Methods Machine Tools Engineer Brittany Speroni Honored as 30 Under 30 Recipient

Brittany Speroni, a mechanical engineer at Methods Machine Tools, was named as a 2015 recipient of Manufacturing Engineering Magazine's 30 Under 30 awards in the fields of Science, Technology, Engineering and Mathematics (STEM). A total of 30 young manufacturing professionals from across the country were chosen for their exceptional talent and leadership in STEM.

Related Topics:

Related Suppliers

Brittany Speroni, a mechanical engineer at Methods Machine Tools, was named as a 2015 recipient of Manufacturing Engineering Magazine's 30 Under 30 awards in the fields of Science, Technology, Engineering and Mathematics (STEM). A total of 30 young manufacturing professionals from across the country were chosen for their exceptional talent and leadership in STEM.

According to Ms. Speroni, her love of math has played a central role in her life, having drawn her inspiration from her mother who is a math teacher. It was through her mother's encouragement and a high school math teacher who helped her with real world applications of physics, which solidified her chosen career path in engineering. Ms. Speroni attended Wentworth Institute of Technology (WIT) in Boston and enrolled in the mechanical engineering (ME) technology degree program there.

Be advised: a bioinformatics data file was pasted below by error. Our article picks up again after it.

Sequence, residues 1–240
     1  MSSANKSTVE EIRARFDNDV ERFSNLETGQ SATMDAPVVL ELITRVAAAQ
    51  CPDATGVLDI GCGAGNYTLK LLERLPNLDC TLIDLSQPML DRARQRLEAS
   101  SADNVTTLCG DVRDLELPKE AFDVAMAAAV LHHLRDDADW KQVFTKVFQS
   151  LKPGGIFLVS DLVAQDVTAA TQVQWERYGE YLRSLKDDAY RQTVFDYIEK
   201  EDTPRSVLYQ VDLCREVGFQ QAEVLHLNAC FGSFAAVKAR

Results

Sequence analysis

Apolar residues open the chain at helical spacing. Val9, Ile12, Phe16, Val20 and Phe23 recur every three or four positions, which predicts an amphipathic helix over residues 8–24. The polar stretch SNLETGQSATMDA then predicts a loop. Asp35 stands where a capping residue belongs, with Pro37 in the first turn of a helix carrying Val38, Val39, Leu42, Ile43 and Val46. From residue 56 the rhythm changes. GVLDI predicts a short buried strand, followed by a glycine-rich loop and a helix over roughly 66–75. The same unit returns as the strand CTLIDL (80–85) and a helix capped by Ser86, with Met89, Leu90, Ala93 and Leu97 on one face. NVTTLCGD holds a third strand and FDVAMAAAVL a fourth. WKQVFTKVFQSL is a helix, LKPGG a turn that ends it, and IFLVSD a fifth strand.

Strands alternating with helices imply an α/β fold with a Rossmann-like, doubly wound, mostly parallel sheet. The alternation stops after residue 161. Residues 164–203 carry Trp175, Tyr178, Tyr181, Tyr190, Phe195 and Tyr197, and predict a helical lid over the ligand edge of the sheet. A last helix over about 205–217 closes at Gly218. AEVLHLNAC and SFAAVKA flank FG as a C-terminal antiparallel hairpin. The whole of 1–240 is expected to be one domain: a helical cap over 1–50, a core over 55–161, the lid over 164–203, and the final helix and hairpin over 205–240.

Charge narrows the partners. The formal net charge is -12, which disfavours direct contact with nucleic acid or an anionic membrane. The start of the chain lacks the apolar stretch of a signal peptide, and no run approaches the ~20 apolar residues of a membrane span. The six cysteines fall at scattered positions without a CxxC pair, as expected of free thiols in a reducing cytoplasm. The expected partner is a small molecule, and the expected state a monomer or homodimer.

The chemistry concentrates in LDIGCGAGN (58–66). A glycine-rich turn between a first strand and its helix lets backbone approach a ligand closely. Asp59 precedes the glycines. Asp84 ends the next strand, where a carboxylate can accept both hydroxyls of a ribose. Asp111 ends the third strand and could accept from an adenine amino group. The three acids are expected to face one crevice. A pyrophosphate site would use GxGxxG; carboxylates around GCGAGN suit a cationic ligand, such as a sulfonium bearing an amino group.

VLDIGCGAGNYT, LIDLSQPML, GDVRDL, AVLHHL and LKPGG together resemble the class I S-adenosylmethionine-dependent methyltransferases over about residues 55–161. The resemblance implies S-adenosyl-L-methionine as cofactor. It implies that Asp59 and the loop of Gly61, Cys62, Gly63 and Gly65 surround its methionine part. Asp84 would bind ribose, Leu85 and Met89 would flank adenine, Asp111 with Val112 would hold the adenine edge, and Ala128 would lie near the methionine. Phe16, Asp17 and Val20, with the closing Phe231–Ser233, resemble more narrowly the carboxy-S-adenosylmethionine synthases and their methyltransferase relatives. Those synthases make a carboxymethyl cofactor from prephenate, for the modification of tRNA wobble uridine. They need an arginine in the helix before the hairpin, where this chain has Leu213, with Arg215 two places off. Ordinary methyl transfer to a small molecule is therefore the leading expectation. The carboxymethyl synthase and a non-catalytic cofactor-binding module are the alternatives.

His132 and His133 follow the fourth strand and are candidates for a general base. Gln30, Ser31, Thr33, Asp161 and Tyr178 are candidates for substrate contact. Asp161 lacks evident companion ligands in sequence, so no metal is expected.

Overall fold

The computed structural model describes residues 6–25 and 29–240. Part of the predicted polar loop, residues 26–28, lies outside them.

It was in the ME program at WIT that she took her first manufacturing class, which became the catalyst that led her to more manufacturing classes, hands-on labs and a co-op job in her home state of New Jersey, where she worked for a small machine shop. In addition, during her time at WIT she became involved with the local SME Student Chapter at Wentworth and was a committee officer and also chair.

Her love of engineering has inspired her to expose STEM to young women and she has spoken to a local Girl Scout chapter in her home state of New Jersey, and also at an event held at Worcester Polytechnic Institute (WPI) called, "Geek is Glam," which was for girls in grades 4-8.

"It proved to me how important it is to talk to these girls at a young age because it can really make a difference in their future. They are also the ones who are going to impact our world and we need to make sure they realize how important their contribution will be to manufacturing," Ms. Speroni said.